Microsoft’s Decision to Axe Windows 10 Mobile Is a Masterclass in Adaptability
Bill Gates’ powerhouse company is totally fine with cutting what doesn’t work–and you should be, too
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Microsoft is known for its successes. (That little suite called Microsoft Office that thousands of businesses use comes to mind, for example.) But sometimes, even a heavy hitter like Bill Gates' company can't get any contact with the bat and strikes out horribly. That's apparently the case with Windows 10 Mobile. The company's Windows 10 chief, Joe Belfiore, announced earlier this week via Twitter that, while Microsoft still will support companies using the operating system, developing new features and hardware for it won't be a focus at the company anymore.
Why abandon the OS?
Mobile is inarguably the way of the world--2017 data from Pew Research Center indicates that 3 out of 4 American adults (77 percent) own a smartphone, noting that individuals are using them for everything from shopping to finding a date. But as Leo Kelion of BBC reports, Windows 10 Mobile accounted for a measly 0.03 percent of the global market. That, combined with the fact consumers generally preferred the experience they had with Android and iOS, spelled out Windows 10 Mobile's demise.
Toss the OS, do better things
As Kelion notes, Microsoft's decision to get rid of Windows 10 Mobile doesn't necessarily mean that Microsoft is abandoning the idea of powering smartphones altogether. But in a nutshell, it embodies a key principle every business leader needs to understand.
When there's dead weight tied around your company's ankle, cut the chain.
For Microsoft, that's all Windows 10 Mobile has become. Dead weight. By listening to consumers (which by itself is a major win) and saying good riddance to the OS, the company frees up resources to develop something better within the smartphone arena, or to simply funnel into markets that aren't yet so disgustingly saturated. For example, Microsoft could focus on deep learning, precision farming, drones or even brain-computer interfaces.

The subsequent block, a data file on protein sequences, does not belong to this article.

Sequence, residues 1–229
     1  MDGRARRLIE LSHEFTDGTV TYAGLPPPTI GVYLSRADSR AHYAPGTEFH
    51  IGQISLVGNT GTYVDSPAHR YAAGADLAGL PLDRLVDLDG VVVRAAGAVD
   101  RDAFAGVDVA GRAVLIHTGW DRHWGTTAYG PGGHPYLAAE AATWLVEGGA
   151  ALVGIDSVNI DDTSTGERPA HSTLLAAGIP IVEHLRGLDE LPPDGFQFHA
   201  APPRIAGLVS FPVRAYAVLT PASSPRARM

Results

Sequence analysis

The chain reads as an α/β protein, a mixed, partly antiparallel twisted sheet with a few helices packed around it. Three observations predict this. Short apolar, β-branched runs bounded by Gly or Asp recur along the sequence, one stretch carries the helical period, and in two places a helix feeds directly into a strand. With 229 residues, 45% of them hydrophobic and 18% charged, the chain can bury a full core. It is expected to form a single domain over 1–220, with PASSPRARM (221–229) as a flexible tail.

It's not always an easy call, figuring out the point at which a product is doing your company more harm than good. Part of the reason for this is that feelings tend to get tied up in the choice. After investing so much, it can be agonizing to let one of your business babies go.
But that's where metrics become so vital. They can show you if there's some growth and potential to hope or whether your return on investment is on par with your target. If the metrics say you're getting dragged under or that the project is a waste, don't just keep tossing money into the I-want-it-to-work fire. Get out, rethink and start over.
Because here's the thing. Starting over isn't bad. It just means taking a new direction. Maybe it's not the path you planned to take, but maybe it's the path you should be on. Microsoft gets that. It's willing to adapt and shift on its heel. It's one of hundreds of companies--for example, Ben & Jerry's, PepsiCo, Cosmopolitan and even Toshiba--that has missed the mark, often to the tune of millions of dollars. Those companies survive because they understand that it often takes many failures before the spin of the wheel delivers a jackpot, and because they're willing to forget the last spin to move forward to the next.
So be brave. Drop the rocks weighing you down. Pivot. That's the center of innovation, no matter what industry you happen to be in.